Watching what you eat is just one step in your oral hygiene regimen with braces. First, begin with the basics of brushing and flossing. Take off your elastics and other removable parts of your braces and begin brushing at a 45-degree angle. Clean each tooth and bracket individually in a circular motion, and floss beneath the archwire to remove any leftover food. Flossing can be difficult with braces, so it might be a good idea if you use a floss threader to get in between teeth and under wires. These two steps are essential to thoroughly clean teeth and prevent decay from forming, so make sure that they are a part of your everyday routine. For an additional clean, rinse your mouth with mouthwash to kill bacteria and give yourself fresh breath. Lastly, always go to your orthodontic cleaning and adjustment appointments. The orthodontist will be able to monitor your tooth movement, fix broken brackets, tighten wires, remove plaque and give you pointers on how to take care of your braces.
Get A Beautiful Smile Today
For more information about foods you should and should not eat with braces, call Belmar Orthodontics at (303) 225-9016! Our team has years of experience educating patients on oral health, adjusting brackets and wires and helping patients get the beautiful smiles they deserve. Call today!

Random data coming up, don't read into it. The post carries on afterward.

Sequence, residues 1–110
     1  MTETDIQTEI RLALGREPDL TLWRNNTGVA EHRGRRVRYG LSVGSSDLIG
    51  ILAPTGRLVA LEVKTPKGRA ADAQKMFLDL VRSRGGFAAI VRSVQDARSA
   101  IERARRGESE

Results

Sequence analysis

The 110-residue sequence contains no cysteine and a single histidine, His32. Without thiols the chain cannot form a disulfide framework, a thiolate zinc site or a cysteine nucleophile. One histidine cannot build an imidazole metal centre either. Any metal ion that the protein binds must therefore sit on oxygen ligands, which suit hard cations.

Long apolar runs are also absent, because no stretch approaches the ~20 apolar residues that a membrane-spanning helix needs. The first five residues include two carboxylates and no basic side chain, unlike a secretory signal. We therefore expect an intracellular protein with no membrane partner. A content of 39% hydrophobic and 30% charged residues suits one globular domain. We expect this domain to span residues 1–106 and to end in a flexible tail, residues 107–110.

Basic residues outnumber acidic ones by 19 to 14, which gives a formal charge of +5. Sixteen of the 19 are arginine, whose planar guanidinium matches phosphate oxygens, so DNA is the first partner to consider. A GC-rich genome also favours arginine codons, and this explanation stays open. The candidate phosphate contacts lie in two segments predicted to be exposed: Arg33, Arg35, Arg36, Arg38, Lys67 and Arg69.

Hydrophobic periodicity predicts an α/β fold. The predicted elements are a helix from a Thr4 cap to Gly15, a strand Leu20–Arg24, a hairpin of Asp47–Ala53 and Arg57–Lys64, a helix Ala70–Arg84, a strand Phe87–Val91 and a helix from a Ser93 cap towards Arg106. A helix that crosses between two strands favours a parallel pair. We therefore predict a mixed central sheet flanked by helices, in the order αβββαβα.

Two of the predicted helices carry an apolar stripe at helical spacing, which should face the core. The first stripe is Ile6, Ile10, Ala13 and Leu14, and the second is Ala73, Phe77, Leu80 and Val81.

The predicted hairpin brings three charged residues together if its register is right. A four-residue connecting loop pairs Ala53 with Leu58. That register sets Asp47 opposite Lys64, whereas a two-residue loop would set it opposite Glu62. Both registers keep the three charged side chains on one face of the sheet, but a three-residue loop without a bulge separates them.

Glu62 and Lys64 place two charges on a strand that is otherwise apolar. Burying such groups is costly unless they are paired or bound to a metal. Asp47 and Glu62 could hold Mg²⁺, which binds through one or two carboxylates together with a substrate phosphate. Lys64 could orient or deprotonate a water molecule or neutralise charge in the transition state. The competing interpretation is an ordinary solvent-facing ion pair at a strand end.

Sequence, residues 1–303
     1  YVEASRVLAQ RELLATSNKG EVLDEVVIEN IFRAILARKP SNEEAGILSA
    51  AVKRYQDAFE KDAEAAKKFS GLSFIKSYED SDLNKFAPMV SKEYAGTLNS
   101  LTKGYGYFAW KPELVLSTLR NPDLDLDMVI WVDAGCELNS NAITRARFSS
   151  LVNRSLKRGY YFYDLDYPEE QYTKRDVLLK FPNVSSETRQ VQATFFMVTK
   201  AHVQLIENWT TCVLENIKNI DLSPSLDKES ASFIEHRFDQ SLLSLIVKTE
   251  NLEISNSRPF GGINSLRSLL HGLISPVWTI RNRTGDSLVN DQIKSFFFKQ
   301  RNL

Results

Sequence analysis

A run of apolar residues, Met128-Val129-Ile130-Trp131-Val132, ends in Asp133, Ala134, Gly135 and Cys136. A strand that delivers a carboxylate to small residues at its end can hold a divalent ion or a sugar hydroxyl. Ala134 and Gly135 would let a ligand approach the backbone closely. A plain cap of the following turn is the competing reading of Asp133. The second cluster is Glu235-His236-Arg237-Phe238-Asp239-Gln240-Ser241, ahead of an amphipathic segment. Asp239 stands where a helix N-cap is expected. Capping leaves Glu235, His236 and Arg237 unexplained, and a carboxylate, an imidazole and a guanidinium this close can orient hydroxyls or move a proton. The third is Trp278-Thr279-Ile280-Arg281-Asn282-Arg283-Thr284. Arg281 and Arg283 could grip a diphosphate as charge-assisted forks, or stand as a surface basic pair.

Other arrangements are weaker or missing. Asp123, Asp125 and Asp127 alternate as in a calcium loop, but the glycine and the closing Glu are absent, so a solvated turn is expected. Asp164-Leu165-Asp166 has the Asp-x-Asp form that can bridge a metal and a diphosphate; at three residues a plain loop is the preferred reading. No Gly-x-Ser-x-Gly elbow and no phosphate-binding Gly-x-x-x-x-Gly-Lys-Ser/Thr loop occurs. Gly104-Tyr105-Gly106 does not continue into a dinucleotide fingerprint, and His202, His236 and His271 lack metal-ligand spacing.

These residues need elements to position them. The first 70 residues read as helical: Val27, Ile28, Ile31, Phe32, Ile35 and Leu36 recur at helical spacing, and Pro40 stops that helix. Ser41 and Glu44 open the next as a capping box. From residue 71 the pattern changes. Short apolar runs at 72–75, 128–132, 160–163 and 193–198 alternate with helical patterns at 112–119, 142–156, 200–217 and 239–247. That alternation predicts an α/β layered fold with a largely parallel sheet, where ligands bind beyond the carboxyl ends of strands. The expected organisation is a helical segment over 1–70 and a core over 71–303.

The Fourth of July offers fun activities full of fireworks, parades and celebrations. From hamburgers to watermelon to all kinds of delicious treats, Independence Day is a fun day for everyone. Amid all the celebrating, though, it’s important that you take care of your teeth by watching what you eat and which activities you participate in, especially when wearing braces. There are lots of food options to choose from, but it’s important to keep your oral hygiene routine in check to prevent tooth decay. Find out how you can enjoy Independence Day and protect your teeth at the same time with these tips!
Commit To A Regular Routine
During this holiday season, our lives go from our normal day-to-day routines to boating, barbecuing and playing with sparklers as we watch the fireworks. The Fourth of July is a week full of festivities that involve a lot of food and fun, but it’s also a time that we easily forget to maintain a good oral hygiene routine. Our daily routine should include how we take care of our mouth and teeth, which means we can’t skimp on brushing and flossing, especially with braces. Plaque loves to sit on teeth as long as it can so that acid can form and eat at your tooth enamel. The longer plaque remains on your teeth, the more likely you are to experience tooth decay. During the week of the Fourth of July, it may be tempting to let your kids skip their normal bedtime routine due to a firework show or a late-night party, but even one night of not brushing and flossing lets harmful bacteria wreak havoc on your child’s teeth. Braces are especially susceptible to the effects of poor oral hygiene as they easily trap food particles around the brackets and underneath the archwire. One tip that can help your kids remember their oral health during the holiday is to keep a brushing calendar. These calendars are simple and easy to use, and they help kids stay on track each day, no matter what busy activity they’re participating in. You can find a brushing calendar at most department stores or you can ask your child’s dentist for one.
Avoid Sugary Foods and Drinks
beautiful blonde child drink water outdoor